Saturday, September 18, 2010

Islamophobia or Women's Rights?

Just a couple days ago the French senate voted to ban face veils in public. The vote was nearly unanimous, with only one vote of dissent. Proponents of the legislation are saying that this move is constitutional and that it protects women's rights - arguments that I of course sympathize with. Opponents say that the law is driven by Islamophobia and that it impinges upon freedom of religion and personal liberty. An argument I also sympathize with. But let's put  aside theoretical, principle-based, moral values - just for a moment. Let's also forget about abstract statements about how the legislation will affect society (ie: "increase liberty," or "steal liberty"). Let's consider instead what the practical outcomes of this law will be.

What positive benefits are likely to stem from this law?

  • The law will discourage Muslim women who are debating about wearing the veil from doing so, since a Muslim woman who is only considering wearing the veil is unlikely to feel strongly enough about it to risk legal issues.
  •  Ditto for men who are only considering pressuring their wives or daughters into wearing the veil, since the legislation has much harsher penalties for people who force a woman to wear a face veil.
  • French citizens and tourists who feel uncomfortable with people hiding their faces in public will enjoy not seeing  full-on burqas in the streets.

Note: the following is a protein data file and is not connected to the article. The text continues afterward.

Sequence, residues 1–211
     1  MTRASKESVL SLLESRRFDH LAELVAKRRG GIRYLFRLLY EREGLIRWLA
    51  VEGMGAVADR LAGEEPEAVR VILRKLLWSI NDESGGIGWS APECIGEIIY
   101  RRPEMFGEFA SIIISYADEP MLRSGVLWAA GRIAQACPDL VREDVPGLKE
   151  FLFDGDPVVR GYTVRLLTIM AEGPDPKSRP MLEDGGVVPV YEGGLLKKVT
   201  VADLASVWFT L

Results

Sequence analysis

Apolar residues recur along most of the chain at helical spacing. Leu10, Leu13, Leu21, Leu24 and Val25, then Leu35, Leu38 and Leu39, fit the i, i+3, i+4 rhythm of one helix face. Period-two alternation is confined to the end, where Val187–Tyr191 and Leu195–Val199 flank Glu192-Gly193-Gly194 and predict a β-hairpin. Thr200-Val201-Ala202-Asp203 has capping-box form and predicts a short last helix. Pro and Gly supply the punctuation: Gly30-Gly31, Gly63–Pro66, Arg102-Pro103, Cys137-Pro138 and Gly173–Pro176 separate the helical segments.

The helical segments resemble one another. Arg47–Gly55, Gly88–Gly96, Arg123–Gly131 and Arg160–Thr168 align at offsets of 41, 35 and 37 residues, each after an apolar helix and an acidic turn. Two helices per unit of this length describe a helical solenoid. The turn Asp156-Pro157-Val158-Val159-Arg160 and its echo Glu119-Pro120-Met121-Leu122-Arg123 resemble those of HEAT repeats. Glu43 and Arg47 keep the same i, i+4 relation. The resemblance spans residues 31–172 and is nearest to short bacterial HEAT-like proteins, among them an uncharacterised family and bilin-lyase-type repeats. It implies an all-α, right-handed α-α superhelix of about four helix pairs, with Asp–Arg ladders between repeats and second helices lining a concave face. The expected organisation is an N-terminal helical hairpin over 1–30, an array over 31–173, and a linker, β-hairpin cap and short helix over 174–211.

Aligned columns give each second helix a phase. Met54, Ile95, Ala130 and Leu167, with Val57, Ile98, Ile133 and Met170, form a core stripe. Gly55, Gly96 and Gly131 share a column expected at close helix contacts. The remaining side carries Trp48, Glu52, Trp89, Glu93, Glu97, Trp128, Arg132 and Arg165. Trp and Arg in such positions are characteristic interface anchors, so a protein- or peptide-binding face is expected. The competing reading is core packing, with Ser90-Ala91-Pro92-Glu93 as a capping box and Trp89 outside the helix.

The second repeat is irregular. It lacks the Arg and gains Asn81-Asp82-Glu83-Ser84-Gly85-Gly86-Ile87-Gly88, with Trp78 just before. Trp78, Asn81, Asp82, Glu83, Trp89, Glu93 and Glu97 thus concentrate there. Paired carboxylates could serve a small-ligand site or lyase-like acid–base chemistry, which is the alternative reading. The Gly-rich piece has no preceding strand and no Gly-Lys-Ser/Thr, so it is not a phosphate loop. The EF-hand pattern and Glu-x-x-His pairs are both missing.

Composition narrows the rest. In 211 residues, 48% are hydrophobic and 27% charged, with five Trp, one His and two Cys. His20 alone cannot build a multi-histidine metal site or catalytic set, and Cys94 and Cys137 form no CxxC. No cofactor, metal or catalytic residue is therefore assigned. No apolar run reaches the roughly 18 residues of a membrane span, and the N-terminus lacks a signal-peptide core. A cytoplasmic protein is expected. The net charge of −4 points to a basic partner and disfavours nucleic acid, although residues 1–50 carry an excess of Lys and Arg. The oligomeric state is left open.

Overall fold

• Women whose self-esteems are damaged by hiding their faces in public will probably enjoy stronger emotional health.
  • Extremist Muslim groups are more likely to avoid living in France as a result of this legislation, a result I strongly suspect the legislators had in mind.

Now, what negative results are likely to stem from the law?

  • Muslim women who believe they would be disrespecting their faith by not wearing a face veil in public will face heavy fines or stay home to avoid paying fines(or attending a "citizenship" class).
  • Muslim men who don't want to face legal repercussions for forcing a wife or daughter to wear a veil may confine a wife or daughter at home.
  • French citizens who practice Islam and yet don't believe in face veils may feel misunderstood by the law - by creating a law that specifically targets a practice associated with one religion, the legislation makes latent (and unintentional) implications about that religion.
  • The law will likely cause a backlash among the sects of Islam that believe in the face veil.
  • Insofar as Muslim women who've been taught to hide their faces are victims, the law would risk victimizing the victims since its primary form of enforcement involves punishing the women who wear the veils. 

So, while I do not personally support the belief that women should hide their faces - it's in fact a belief that horrifies me - I think this legislation is misguided, and I am 99% sure it'll backfire.

For an alternative viewpoint, check out Carl the OMC's post on I Feel Like Schrodinger's Cat.

Any of our contributors who live in Europe care to weigh in? (That's right, Erica, I'm talking about you).

1 comment:

  1. I wrote a loooong reply, realized I was signed in as Nick, and lost the reply when I went to sign in as myself! So I'll make another post instead, because it really was a long comment.